a, Au (gold) agglomerate formation; b, Au agglomerate size sorting using a differential mobility analyzer; c, Au agglomerate compaction into spherical particles in a furnace; d, nanowire growth; e, nanowire deposition (credit: Lars Samuelson et al./Lund University)

This radical discovery could turn semiconductor manufacture inside out

How to “grow” self-assembling semiconductors, atomic layer by atomic layer
November 30, 2012

A completely new method of manufacturing the smallest structures in electronics could make their manufacture thousands of times quicker, allowing for cheaper semiconductors.

Instead of starting from a silicon wafer or other substrate, the idea is to grow gallium arsenide semiconductor structures from freely suspended nanoparticles of gold in a flowing gas. Semiconductor nanowires are key building blocks for the next generation of light-emitting diodes, solar cells, and batteries, according to Lund University researchers.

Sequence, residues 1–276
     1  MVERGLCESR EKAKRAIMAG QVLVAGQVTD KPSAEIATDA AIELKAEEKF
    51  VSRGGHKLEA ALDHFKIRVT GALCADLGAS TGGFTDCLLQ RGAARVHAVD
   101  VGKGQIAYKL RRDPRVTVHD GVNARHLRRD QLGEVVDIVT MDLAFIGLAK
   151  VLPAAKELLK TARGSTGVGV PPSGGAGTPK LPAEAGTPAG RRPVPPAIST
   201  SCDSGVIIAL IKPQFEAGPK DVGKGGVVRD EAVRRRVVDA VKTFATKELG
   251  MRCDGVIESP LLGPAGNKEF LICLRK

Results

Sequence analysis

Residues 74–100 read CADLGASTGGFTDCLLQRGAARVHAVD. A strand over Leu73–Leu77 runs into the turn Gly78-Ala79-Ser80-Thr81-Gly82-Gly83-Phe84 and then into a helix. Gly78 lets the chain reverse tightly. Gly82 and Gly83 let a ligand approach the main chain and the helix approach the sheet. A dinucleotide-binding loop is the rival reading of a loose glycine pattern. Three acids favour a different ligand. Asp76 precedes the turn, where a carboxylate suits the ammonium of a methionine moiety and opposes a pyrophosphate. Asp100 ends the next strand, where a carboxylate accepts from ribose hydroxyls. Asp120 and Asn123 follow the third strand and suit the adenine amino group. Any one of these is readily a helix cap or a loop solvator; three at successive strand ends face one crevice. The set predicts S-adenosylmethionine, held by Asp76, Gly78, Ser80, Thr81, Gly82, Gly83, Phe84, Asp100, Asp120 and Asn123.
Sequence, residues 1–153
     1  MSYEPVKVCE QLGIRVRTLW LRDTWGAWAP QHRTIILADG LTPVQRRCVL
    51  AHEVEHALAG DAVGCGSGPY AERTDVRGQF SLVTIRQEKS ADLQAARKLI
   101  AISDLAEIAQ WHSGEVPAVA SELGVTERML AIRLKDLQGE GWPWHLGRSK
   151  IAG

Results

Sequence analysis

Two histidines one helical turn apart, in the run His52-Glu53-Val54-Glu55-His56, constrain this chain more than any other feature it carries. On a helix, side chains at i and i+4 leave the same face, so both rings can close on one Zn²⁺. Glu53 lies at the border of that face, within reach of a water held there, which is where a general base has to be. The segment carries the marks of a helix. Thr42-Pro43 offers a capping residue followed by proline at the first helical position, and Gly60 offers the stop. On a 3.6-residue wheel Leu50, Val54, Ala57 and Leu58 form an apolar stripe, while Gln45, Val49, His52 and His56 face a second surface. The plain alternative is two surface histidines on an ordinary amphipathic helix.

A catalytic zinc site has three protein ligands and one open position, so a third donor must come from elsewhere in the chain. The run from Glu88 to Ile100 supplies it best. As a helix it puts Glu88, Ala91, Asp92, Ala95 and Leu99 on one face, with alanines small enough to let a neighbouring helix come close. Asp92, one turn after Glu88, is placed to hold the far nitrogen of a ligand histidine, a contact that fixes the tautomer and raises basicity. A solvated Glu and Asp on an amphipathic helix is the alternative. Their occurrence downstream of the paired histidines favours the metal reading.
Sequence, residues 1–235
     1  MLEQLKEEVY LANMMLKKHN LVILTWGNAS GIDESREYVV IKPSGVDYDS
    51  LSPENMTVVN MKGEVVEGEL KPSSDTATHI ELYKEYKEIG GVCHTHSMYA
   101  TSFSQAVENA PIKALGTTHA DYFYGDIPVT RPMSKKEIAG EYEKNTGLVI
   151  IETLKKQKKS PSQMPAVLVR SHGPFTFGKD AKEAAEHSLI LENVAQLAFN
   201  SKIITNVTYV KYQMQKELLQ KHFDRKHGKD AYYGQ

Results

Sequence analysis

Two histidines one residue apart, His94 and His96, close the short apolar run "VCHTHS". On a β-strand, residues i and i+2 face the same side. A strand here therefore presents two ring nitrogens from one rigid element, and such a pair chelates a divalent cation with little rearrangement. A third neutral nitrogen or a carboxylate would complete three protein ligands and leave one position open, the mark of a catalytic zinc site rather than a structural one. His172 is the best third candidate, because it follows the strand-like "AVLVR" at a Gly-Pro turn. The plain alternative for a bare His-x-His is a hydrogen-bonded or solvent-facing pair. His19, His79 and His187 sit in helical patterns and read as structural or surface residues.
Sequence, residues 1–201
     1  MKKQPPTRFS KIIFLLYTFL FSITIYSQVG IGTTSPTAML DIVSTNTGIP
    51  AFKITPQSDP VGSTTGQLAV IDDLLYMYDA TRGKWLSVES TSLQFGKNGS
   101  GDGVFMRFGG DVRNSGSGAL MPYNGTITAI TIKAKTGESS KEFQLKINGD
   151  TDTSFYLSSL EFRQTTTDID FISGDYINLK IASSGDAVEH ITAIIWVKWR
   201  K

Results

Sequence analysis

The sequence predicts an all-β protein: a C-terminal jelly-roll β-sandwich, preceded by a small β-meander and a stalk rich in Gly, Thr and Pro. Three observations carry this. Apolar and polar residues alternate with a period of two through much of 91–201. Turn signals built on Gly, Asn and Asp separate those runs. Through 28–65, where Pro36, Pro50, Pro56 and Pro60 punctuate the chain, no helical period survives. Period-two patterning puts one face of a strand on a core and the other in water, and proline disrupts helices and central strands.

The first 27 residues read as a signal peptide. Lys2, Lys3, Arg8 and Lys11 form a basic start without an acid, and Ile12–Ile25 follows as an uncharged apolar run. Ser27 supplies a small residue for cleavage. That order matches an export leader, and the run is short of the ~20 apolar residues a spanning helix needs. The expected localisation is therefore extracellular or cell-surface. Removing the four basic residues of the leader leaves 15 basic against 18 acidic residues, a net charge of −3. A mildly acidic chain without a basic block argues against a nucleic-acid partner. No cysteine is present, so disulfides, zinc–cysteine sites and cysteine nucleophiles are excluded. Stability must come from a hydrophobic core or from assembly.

Behind the discovery is Lars Samuelson, Professor of Semiconductor Physics at Lund University, Sweden, and head of the University’s Nanometer Structure Consortium. He believes the technology will be ready for commercialization in two to four years. A prototype for solar cells is expected to be completed in two years.

“When I first suggested the idea of getting rid of the substrate, people around me said ‘you’re out of your mind, Lars; that would never work.’ When we tested the principle in one of our converted ovens at 400°C, the results were better than we could have dreamed of,” he says.

Read more: This radical discovery could turn semiconductor manufacture inside out | KurzweilAI.

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